Wingnut Wings' steady stream of superb releases provide the perfect focus these days for Windsock Worldwide, the bi-monthly modelling and reference magazine for WW1 specialists.
This time the spotlight is on the Hansa Brandenburg W29 as Ray Rimell tackles the 1:32 beauty with a comprehensive step-by-step build. This is highly recommended reading for anyone building the kit, offering a mass of useful tips for getting the best out of what is already a superb model. Not surprisingly, there don't seem many serious pitfalls to watch out for - but following Ray's text will help ensure a snag-free assembly while taking your model one step beyond what's offered OOB. Each stage is fully explained and illustrated with over 50 excellent colour photos, along with detailed drawings of the Benz Bz.III engine.
Harry Woodman continues the W29 coverage with a 2-page history of the aircraft, while Ray examines (and resolves?) the mystery surrounding the "pale green" W29 seen on the Isle of Grain after the armistice.
One thing I look forward to in every issue of Windsock Worldwide these days is Lance Krieg's Modelling Master Class. The multi-part encyclopaedic series constantly impresses with its detailed studies of each aspect of model building. This issue looks at scratchbuilt fuselages, from simple built-up boxes through to carved and formed curved shapes. Whether you're specifically a builder of WW1-era subjects or have a wider interest in aviation modelling you'll find much to take learn from in the article, illustrated as usual with examples of the work of some of the world's top modellers.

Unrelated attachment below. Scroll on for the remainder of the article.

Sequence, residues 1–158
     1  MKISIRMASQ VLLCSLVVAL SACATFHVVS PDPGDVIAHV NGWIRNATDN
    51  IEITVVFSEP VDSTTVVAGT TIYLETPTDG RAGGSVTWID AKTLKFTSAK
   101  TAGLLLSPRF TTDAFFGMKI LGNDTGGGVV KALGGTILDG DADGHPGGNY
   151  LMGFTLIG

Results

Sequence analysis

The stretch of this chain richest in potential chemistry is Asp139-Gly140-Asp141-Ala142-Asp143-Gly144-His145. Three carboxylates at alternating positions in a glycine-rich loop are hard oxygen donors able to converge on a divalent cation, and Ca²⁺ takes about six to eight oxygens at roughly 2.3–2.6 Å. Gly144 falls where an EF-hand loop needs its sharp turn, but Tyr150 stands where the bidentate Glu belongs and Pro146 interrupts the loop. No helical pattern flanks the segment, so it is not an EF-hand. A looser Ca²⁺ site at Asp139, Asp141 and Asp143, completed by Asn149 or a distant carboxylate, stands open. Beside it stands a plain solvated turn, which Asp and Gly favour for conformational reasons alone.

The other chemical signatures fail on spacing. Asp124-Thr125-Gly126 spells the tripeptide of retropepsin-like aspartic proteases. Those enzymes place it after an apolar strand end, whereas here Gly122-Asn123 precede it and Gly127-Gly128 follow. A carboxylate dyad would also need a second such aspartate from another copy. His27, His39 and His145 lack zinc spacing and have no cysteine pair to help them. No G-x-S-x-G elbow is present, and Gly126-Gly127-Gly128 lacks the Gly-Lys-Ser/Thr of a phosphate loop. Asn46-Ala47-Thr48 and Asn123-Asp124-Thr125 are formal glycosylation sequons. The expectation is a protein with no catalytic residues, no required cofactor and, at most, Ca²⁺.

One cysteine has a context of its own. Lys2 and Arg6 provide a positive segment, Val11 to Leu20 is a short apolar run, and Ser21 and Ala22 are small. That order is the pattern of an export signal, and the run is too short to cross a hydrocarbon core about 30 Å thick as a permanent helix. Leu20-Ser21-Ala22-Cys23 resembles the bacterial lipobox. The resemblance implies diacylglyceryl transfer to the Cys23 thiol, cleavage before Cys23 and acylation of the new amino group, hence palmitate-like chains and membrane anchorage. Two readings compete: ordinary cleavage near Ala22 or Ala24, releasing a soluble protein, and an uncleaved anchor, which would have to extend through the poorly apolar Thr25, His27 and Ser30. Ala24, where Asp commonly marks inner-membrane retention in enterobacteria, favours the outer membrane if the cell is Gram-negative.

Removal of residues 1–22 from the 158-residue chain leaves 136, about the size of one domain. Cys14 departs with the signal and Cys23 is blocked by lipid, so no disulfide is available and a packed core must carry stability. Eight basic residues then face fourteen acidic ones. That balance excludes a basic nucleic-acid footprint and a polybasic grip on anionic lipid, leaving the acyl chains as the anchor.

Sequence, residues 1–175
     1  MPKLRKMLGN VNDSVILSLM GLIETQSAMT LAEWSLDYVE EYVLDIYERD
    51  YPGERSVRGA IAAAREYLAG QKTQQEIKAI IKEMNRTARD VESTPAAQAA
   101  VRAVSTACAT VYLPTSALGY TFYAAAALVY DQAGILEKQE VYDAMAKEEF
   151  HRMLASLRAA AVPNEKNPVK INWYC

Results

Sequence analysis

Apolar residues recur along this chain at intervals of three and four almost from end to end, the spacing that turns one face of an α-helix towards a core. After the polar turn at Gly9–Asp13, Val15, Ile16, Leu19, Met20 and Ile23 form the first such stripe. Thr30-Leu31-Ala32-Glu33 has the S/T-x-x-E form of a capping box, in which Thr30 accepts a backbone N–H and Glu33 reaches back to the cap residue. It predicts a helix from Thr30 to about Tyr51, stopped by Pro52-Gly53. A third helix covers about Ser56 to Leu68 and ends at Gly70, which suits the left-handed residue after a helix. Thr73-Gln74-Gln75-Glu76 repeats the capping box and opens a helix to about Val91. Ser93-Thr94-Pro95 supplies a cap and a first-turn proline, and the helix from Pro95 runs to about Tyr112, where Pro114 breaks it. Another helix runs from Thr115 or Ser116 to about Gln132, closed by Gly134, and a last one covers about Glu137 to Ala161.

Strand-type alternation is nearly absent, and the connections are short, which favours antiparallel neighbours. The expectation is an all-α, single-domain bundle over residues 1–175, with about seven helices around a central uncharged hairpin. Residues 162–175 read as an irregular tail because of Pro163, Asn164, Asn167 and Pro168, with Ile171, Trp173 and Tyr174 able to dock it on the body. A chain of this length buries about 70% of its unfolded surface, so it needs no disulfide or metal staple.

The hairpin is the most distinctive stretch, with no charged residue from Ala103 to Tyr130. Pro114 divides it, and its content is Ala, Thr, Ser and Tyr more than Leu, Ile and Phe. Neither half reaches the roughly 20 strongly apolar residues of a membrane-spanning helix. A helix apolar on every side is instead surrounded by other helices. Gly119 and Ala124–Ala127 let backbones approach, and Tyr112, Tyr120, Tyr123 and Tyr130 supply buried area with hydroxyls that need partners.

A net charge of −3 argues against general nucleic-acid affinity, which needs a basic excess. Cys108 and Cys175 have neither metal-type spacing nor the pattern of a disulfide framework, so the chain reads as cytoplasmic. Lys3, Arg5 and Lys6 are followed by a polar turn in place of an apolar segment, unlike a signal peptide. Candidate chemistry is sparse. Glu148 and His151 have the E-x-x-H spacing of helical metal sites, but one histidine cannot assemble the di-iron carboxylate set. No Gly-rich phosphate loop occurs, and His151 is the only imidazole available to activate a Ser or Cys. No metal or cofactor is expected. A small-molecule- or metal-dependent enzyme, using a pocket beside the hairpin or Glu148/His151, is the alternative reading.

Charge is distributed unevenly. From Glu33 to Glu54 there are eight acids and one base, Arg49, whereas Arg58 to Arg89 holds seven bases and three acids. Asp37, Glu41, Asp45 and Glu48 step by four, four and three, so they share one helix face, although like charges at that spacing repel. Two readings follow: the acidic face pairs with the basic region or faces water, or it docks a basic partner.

The late Ian Stair continues to inform and inspire via his extensive collection of unique scale plans of lesser-known aircraft which Windsock Worldwide is able to draw upon, publishing many for the first time. This issue's Rara Avis subject is the de Havilland DHII Oxford - an attractive if ill-fated twin-engined bomber. The sole prototype failed to meet expectations, suffering from handling problems as well as well as being seriously handicapped by the poorly performing ABC Dragonfly engines it was designed to use.
The magazine's regular columns take a look at the latest releases in the field of books, decals and kits. Among many highlights covered this time, Walter Pieters' "The Belgian Air Service In The First World War" looks an absolute must - with over 1000 period photos, plus over 80 colour profiles, it's hardly surprising its rating is "off the scale!". Amongst the kits reviewed are MAC Distribution's 1:72 Bristol Scouts, and I must admit Ray's glowing review of the 1:48 Ansaldo SVA 5 "early" and "late" kits has made it hard to resist reaching for my wallet!...
Finally, the back cover is devoted to a set of revised Ronny Bar profiles of the DH9A, subject of the recent Datafiles #139 and #141. These are replacements for the original plates in the sister publication.
Once again Windsock Worldwide provides a fine brew of WW1 modelling and research. In a world brimming with general modelling publications, Windsock Worldwide is unrivalled in its specialist coverage of early aviation. Highly recommended.
Please remember, when contacting retailers or manufacturers, to mention that you saw their products highlighted here - on AEROSCALE.
Highs: Excellent specialist early aviation modelling and reference articles.Lows:Verdict: Windsock Worldwide is a bi-monthly "must read" for any modeller even half-interested in early aviation.
Our Thanks to Albatros Productions! This item was provided by them for the purpose of having it reviewed on this KitMaker Network site. If you would like your kit, book, or product reviewed, please contact us.
About Rowan Baylis (Merlin) FROM: NO REGIONAL SELECTED, UNITED KINGDOM
I've been modelling for about 40 years, on and off. While I'm happy to build anything, my interests lie primarily in 1/48 scale aircraft. I mostly concentrate on WW2 subjects, although I'm also interested in WW1, Golden Age aviation and the early Jet Age - and have even been known to build the occas...